As tensions might drag over the next decade, investors have to learn to operate under prolonged uncertainty, said Warburg Pincus' Charles Kaye.World Economyread more
Billionaire investor Howard Marks, the co-chairman of Oaktree Capital, predicts there won't be a recession in the U.S. for another two years.US Economyread more
Network officials also said voters should expect more of a Koch focus on grassroots activism throughout the 2020 election cycle.Politicsread more
One person was killed and five others wounded on Thursday in a shooting on the streets of Washington, D.C., not far from the White House, police said.U.S. Newsread more
Stores are extending hours and cities are spending on light shows as China tries to encourage consumers to spend more money at night.China Economyread more
New research suggests fewer girls pursue careers in STEM — science, technology, engineering and math — because they're better than boys at reading.Closing The Gapread more
Stocks in Asia Pacific edged up in Friday afternoon trade as a series of developments overnight on the U.S.-China trade front dampened hopes of a deal being reached between...Asia Marketsread more
GM's usage of temporary workers, potential closure of plants and health care contributions remain major sticking points, according to people familiar with the talks.Autosread more
In a room full of avowed capitalists, policies that sound to some like socialism are bound not to go over well.Delivering Alpharead more
Trump has criticized Facebook numerous times since becoming president, most recently posting on Twitter that the company's proposed digital currency, libra, will "have little...Technologyread more
Republicans and Democrats have long since separated themselves by ideology, leaving each more uniformly conservative or liberal than ever. And now a new data analysis by the...Politicsread more
Pakistani Prime Minister Nawaz Sharif accused nuclear-armed rival India on Wednesday of putting unacceptable conditions on dialogue with Pakistan and said the world would ignore the dangers of rising tensions in South Asia at its own peril.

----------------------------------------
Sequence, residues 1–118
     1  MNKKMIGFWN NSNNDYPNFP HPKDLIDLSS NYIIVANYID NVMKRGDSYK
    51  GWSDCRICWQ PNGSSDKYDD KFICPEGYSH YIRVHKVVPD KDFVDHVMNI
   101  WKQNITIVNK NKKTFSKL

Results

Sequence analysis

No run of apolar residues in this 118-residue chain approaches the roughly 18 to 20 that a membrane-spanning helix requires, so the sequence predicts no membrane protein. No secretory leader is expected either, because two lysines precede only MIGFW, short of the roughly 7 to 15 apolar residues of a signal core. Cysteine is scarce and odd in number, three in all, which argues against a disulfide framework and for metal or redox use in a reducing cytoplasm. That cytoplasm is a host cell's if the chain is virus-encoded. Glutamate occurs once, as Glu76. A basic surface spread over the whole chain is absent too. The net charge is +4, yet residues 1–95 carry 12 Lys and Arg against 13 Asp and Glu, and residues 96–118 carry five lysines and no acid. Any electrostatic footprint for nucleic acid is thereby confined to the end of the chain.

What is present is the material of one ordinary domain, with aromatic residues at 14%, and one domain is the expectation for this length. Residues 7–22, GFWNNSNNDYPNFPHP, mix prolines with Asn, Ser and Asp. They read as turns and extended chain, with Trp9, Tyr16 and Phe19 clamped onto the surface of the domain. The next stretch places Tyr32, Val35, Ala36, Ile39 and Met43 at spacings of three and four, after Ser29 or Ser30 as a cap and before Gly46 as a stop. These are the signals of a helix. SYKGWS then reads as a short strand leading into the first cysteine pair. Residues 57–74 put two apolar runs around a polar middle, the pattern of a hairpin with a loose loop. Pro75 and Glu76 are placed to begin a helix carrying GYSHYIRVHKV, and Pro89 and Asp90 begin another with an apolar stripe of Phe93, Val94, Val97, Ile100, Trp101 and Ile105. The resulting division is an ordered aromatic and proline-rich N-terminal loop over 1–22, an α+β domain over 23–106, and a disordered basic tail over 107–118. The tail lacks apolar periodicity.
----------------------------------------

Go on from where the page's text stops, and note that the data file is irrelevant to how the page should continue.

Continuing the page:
Speaking to the annual United Nations General Assembly, Sharif said Pakistan could not ignore India's "unprecedented" arms build-up and would "take whatever measures are necessary to maintain credible deterrence."
India has accused Pakistan of being behind a deadly attack on an army base in the disputed Kashmir region on Sunday in which 18 soldiers were killed and said it had the right to respond when and where it chose.
Pakistan has rejected the allegation and accused India of apportioning blame before the incident had been properly investigated.
Sharif said Pakistan wanted peace with India and had repeatedly offered dialogue.
"But India has posed unacceptable preconditions to engage in dialogue," he said. "Talks are in the interests of both countries. They are essential to resolve our differences, especially the Jammu and Kashmir dispute, and to avert the danger of any escalation."
India has said it would only discuss terrorism-related issues, whereas Pakistan wants a wider agenda that would, among other things, discuss the Kashmir question.
Kashmir, divided between India and Pakistan since 1947, is at the heart the neighbors' seven decades of mutual distrust. Two of their three wars since independence from Britain have been fought over the region. India's portion of Kashmir has been under a major security lockdown during more than two months of protests sparked by the July 8 killing of a popular young commander of a Kashmiri militant group.
Sharif repeated a Pakistani call on the United Nations and the international community to investigate atrocities it alleges have been committed by Indian security forces in Kashmir.
"The international community ignores the dangers of rising tensions in South Asia at its own peril," he said.
India has long accused Pakistan of playing a role in the 27-year long insurgency against its rule in Jammu and Kashmir, its only Muslim-majority state. Pakistan denies sending fighters into Indian-administered Kashmir.